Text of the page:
Long, bumpy ride to smoother roads nears end for Ottawa's 'Professor of Pavement'
3 decades after Abd El Halim came up with way to eliminate potholes, construction industry taking notice
One day in 1982, when Abd El Halim was still a graduate student at the University of Waterloo, he stopped to watch a paving crew at work near his house.
Fascinated, El Halim studied the steel cylinder of the asphalt roller as it met the hot, black road surface, leaving a network of fine fissures in its wake.
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It struck El Halim then and there that the key to eradicating potholes was eliminating those cracks, which collect water that freezes and expands, heaving and breaking apart the road surface.
El Halim immediately went to work.
"I believe this is the beginning of the end of potholes," he declared five years later in an interview with CBC News as he showed off his new invention.
But for El Halim, now a civil engineering professor at Carleton University, it's been a long, bumpy road to recognition by the industry.
AMIR is born
Back in the 1980s, El Halim had realized that while most of the technology involved in building and repairing roads had advanced over the years, one key tool had not.
"When you read the history of asphalt, you realize that everything has changed," El Halim told CBC. "But the roller did not change, and the rollers were not designed by a civil engineer, or any engineer."
His solution was to replace the roller's traditional cylindrical wheel with a rubber belt on a track, similar to a snowmobile.
The belt spread the weight of the compacting machine over a larger area, preventing the cracks in the freshly laid asphalt.
He called his machine the asphalt multi-integrated roller, or AMIR — also his son's name.
"That shows you how much I loved the roller," El Halim said.
Bumps in the road
But the testing didn't go perfectly.
On a slope, the belt had a tendency to come off. The early version of AMIR was also difficult to steer, and at one point the prototype wandered across the centre line of a test road on the NRC campus.
El Halim ran out of research money in 2003, a blow the inventor took personally.
"Like in any other field, you always have enemies of new ideas, people interested in not having you succeed in what you are doing," he said.
Interviewed in 2008, having generated little to no commercial interest in his prototype, which was then nearly 20 years old and gathering rust, El Halim expressed frustration with an industry reluctant to adapt to new ways.
"Why should they change their technology when nobody is forcing them to?" he asked.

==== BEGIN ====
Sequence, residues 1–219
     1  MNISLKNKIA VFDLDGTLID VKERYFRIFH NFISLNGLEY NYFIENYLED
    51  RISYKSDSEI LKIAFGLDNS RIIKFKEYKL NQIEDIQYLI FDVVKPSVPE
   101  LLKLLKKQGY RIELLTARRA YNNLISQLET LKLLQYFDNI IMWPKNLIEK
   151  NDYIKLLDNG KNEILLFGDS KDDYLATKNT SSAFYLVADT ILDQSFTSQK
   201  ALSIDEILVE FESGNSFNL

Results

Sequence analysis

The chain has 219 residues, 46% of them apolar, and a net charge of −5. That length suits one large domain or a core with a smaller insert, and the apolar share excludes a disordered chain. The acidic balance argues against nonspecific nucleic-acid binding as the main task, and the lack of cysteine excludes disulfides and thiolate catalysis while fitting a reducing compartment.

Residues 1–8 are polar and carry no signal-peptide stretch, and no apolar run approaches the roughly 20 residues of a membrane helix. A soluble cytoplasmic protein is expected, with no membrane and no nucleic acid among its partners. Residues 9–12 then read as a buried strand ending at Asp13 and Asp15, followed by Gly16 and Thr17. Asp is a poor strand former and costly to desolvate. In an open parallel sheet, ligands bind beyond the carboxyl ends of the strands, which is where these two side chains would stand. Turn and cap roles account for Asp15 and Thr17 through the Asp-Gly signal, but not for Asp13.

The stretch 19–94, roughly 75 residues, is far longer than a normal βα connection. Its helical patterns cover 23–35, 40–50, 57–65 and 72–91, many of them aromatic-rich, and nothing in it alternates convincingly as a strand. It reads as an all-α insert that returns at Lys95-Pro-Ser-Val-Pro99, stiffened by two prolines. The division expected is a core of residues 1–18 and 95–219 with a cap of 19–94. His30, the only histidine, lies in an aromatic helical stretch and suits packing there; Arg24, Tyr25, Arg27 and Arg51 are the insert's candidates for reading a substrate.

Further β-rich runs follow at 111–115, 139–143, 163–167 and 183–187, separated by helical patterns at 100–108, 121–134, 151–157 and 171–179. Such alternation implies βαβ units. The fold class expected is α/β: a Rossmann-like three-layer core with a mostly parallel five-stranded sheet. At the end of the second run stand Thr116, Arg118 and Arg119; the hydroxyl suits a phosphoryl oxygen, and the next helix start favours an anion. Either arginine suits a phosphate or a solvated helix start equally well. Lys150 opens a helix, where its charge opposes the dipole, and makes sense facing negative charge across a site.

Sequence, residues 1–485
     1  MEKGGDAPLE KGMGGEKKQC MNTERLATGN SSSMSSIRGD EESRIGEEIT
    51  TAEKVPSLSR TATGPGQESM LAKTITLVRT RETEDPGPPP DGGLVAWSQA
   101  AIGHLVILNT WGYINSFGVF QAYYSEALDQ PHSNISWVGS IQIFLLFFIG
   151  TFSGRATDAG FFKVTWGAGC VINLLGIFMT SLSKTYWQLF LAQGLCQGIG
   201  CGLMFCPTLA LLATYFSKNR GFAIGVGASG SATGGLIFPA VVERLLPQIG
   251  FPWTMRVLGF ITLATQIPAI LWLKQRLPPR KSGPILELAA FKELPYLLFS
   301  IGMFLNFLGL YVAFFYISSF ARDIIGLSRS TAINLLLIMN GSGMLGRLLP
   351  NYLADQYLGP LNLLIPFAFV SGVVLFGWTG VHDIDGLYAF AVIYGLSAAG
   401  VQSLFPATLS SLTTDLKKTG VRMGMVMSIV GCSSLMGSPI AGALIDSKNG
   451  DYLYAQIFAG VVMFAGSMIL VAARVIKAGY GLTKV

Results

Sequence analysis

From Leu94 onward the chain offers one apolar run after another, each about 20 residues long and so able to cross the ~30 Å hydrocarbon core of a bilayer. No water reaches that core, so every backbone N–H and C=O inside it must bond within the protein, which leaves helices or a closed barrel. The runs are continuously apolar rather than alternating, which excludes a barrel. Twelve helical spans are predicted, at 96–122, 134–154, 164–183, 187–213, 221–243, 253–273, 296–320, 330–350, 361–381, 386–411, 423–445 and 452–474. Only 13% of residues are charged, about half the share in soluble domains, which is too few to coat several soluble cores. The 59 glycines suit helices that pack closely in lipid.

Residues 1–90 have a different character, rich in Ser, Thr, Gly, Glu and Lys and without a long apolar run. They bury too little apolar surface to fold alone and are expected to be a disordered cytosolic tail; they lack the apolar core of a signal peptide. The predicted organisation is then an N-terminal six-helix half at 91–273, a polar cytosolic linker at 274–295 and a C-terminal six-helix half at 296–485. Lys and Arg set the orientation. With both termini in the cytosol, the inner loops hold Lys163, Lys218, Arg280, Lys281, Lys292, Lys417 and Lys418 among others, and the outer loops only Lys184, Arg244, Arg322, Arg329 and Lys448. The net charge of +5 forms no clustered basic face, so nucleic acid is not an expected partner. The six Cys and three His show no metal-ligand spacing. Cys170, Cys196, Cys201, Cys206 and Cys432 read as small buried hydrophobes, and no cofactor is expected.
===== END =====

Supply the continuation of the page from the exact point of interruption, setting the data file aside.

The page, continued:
A chance meeting
Then in 2010, a chance meeting with a Ministry of Transportation (MTO) engineer and former student rekindled interest in the all-but-forgotten project.
"Nobody [had] linked permeability to the construction techniques in the field," said Frank Pinder, MTO's engineer responsible for pavement contracting in eastern Ontario.
MTO became seriously involved in testing a new prototype of AMIR in 2012. The results, observed over several highway tests, were promising.
As Pinder pointed out, it makes some sense that the commercial paving industry wasn't interested in eliminating potholes — after all, the perennial need to fill them in ensures subsequent maintenance contracts.
A long time coming
"That's why it's taken such a long time to move it along," Pinder said.
That's also why it ultimately fell to the MTO to help develop AMIR as a way to save taxpayers money.
Last year, the MTO looked at how much money pavement that lasted just one year longer than average would save the province, and came up with a figure of $50 million annually.
In fact, the Ministry of Transportation is now in the process of developing water permeability standards that will be specified in new road contracts in the future. That means companies will need to figure out how to lay down crack-free asphalt, and could lead to widespread commercial interest in AMIR after all.
Tomlinson takes notice
Already, Ottawa construction firm R.W. Tomlinson has retrofitted a traditional asphalt roller by removing its twin steel drums and replacing them with AMIR-inspired belt rollers, which it developed with El Halim.
We're hopeful that at some point in time, these machines are seen on the road every day.- Russ Perry, R.W. Tomlinson
"Tomlinson sees the value in this," said Russ Perry, the company's vice president of heavy civil engineering.
Tomlinson has used the machine on a handful of projects, including resurfacing of a lane of Didsbury Road in November 2017.
There, belt-rolled pavement outperformed the cylinder-rolled surface in a head-to-head test of water permeability as decision makers from government and industry looked on. El Halim, who had by then earned the nickname "Professor of Pavement," stood and watched, too, just as he had 36 years earlier.
Perry said Tomlinson is so convinced of AMIR's superiority that it's kitting out a second roller, which it plans to use on a 42-kilometre paving project in the Bancroft, Ont., area later this year.
Tomlinson has invested about $500,000 in the technology so far, and Perry estimates a single, more efficient AMIR roller can replace up to three traditional asphalt rollers.
"We're hopeful that at some point in time, these machines are seen on the road every day," Perry said.
For El Halim, who's now preparing to retire from his job at Carleton, the promise of commercial success has been worth the wait.